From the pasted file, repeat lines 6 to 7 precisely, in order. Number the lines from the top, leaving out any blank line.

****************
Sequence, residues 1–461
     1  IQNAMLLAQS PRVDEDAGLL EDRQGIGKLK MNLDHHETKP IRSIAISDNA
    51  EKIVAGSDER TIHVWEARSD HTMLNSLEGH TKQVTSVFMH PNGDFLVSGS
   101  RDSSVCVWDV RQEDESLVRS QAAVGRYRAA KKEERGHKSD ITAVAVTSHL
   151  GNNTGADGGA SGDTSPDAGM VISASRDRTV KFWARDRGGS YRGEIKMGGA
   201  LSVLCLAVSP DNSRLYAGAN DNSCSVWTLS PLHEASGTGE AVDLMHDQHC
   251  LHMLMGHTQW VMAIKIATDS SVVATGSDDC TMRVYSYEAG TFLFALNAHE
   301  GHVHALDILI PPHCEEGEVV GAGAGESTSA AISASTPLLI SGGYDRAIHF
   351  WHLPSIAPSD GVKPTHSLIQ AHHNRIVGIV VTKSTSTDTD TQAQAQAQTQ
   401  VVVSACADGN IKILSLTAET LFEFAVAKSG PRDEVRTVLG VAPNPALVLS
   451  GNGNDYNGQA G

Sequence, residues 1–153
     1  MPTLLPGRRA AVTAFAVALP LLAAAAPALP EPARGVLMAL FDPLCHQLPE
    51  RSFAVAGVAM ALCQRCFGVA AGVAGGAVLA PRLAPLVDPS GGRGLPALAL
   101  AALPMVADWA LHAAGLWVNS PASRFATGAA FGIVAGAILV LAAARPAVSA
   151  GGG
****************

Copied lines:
   201  LSVLCLAVSP DNSRLYAGAN DNSCSVWTLS PLHEASGTGE AVDLMHDQHC
   251  LHMLMGHTQW VMAIKIATDS SVVATGSDDC TMRVYSYEAG TFLFALNAHE